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Fairfax scales back discipline policy

By Donna St. George,

Fairfax school leaders voted Thursday night to scale back the practice of forced school transfers for students in disciplinary trouble as they considered the most sweeping changes in more than a dozen years to the county’s discipline policies.

Under a policy unanimously adopted by the School Board, Fairfax officials will consider other disciplinary consequences — including community service, Saturday school and a loss of privileges — before choosing to order an “involuntary transfer” to another school.

In recent years in Fairfax, hundreds of suspended students have been transferred to different schools in a practice that a number of parents and elected leaders complained had become a punitive, seemingly automatic sanction.

“I believe it should be a decision of last resort,” School Board member Martina A. Hone (At Large) said of the transfers. Hone sponsored the measure, which she said would not ban forced transfers but would stress other alternatives.

The changes approved Thursday came as a major shift in direction after nearly five months of debate on discipline issues.

A wave of community concern started in January, when 15-year-old Nick Stuban, a football player at W.T. Woodson High School, committed suicide as he struggled with the fallout of a disciplinary infraction.

Hone’s proposal came on top of a widely supported, 10-point plan offered by Fairfax Superintendent Jack D. Dale. Among his recommendations, Dale sought to bring more transparency to disciplinary proceedings, add services for suspended students and reduce long waits for case rulings.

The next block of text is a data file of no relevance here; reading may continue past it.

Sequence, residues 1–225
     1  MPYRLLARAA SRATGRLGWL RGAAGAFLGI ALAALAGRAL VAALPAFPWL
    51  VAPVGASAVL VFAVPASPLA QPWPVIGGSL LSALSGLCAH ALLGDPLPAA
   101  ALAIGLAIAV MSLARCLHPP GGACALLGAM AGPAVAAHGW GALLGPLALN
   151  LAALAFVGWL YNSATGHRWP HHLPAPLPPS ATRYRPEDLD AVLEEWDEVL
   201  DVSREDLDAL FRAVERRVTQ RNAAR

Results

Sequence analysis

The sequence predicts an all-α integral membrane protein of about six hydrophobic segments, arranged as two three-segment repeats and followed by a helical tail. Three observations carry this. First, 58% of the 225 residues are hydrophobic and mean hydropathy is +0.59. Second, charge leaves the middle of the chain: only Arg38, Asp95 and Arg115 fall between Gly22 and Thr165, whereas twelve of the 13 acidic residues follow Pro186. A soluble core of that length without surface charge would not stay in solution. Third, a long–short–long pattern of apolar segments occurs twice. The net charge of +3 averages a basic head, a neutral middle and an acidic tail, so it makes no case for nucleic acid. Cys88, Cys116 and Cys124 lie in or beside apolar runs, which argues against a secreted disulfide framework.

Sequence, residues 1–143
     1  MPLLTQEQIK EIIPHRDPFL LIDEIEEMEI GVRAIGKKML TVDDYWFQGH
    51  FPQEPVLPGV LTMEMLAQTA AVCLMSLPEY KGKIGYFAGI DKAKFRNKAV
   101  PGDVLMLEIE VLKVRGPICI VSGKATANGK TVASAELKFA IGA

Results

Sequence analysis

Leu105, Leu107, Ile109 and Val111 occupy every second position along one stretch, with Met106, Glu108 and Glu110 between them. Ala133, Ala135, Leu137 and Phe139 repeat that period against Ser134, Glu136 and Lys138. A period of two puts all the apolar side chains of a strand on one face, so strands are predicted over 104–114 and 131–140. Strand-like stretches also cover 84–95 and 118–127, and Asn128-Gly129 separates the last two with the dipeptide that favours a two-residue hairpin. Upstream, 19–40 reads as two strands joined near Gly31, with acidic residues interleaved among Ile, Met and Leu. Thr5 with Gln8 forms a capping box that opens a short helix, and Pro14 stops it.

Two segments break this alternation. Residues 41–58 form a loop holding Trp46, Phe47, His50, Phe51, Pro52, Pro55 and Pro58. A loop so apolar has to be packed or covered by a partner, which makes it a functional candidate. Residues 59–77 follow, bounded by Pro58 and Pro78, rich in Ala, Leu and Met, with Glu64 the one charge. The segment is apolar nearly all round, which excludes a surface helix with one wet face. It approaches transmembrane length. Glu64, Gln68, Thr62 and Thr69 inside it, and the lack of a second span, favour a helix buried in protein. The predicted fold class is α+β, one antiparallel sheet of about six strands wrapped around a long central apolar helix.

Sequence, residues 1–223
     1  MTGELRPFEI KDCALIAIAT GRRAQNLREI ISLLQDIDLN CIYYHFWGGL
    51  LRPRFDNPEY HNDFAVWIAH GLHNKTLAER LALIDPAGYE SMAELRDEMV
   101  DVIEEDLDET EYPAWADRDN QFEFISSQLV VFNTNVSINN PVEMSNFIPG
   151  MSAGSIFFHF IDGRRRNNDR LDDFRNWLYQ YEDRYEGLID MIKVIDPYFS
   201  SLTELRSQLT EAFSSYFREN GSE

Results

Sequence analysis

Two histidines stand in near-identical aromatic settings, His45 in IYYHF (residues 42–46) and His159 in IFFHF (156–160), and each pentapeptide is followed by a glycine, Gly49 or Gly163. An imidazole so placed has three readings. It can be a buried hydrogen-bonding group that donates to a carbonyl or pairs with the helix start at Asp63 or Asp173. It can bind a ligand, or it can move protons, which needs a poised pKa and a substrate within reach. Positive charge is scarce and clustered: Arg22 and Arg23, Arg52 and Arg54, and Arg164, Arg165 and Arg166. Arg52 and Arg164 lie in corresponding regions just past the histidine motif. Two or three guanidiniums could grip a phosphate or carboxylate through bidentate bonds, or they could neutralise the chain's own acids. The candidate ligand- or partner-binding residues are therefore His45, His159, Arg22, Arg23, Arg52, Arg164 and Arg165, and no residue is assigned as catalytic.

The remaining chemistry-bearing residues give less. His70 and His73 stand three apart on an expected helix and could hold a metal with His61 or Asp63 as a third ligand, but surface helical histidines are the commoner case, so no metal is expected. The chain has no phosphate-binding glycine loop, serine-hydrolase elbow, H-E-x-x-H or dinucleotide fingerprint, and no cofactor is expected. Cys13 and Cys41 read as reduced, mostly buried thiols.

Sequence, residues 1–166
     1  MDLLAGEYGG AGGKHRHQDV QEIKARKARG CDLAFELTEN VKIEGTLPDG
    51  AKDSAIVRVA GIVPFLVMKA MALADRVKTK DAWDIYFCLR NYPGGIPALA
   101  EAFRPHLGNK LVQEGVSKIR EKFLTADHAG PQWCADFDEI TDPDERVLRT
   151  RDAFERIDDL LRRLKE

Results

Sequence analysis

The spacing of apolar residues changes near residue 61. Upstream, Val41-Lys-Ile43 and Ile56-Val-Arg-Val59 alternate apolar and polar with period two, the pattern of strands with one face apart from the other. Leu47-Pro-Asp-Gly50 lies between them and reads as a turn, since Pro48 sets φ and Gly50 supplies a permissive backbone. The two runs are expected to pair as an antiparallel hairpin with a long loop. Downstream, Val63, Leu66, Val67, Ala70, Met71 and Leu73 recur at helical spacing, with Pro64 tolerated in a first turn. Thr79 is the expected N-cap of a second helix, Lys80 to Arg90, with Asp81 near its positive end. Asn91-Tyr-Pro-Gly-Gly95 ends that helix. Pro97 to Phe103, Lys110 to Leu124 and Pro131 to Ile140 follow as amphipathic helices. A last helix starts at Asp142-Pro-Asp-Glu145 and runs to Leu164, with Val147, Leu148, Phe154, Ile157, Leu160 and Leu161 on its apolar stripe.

On Thursday night, many board members spoke of the need for flexibility on transfers. “Nothing should be automatic,” said Jane K. Strauss (Dranesville), a longtime board member.

Board member Patricia S. Reed (Providence) said she had been touched by personal stories, including Stuban’s, which “makes me realize we have to change some things.” The idea is not to excuse chronic offenders, she said, but to “change the rules for human beings who happen to make a mistake.”

But some cautioned about the downside of more flexibility. “More discretion is the antithesis of consistency,” said board member Tessie Wilson (Braddock).

Hone said the new policy will give hearing officers “another tool in their toolbox” and that, as the school system collects details on decisions and analyzes outcomes, “data is going to be the guard against abuse of discretion.”

One point of contention was the issue of when parents should be notified that their children are being questioned by school officials in connection with a serious offense, such as a drug violation.

Board members Sandra S. Evans (Mason) and Ilryong Moon (At Large) wanted to require administrators to notify parents before questioning in cases when they believe a report to law enforcement is required and there is no immediate danger to others.

Board member Daniel G. Storck (Mount Vernon) offered support, saying, “I want to engage that parent early and often, and with something this serious I want to engage them as early as possible.”

Others worried about the burden for school principals. The proposal failed narrowly.

Dale’s proposals also included changes for cases involving students who break the rules by having their own prescription drugs. In the past, such cases meant a 10-day suspension and recommendation for expulsion. Students, such as middle-schooler Hayley Russell, who had her own prescription acne medication, were out of school for weeks.

The first change the board approved — unanimously — was described as marking the change in tone in discipline: It was to rename the 40-plus page code of conduct. Now it will be the Student Rights and Responsibilities handbook. Previously, the order of the words was reversed, and responsibilities got first billing.

“It is symbolic in a major way,” Evans said.

Several parents and activists spoke at the meeting, including Stuban’s father. Steve Stuban said too many of Fairfax’s discipline policies had been crafted for “the most egregious offenses,” rather than average circumstances. “How much louder does the public’s concern and outcry have to be before reason prevails?”

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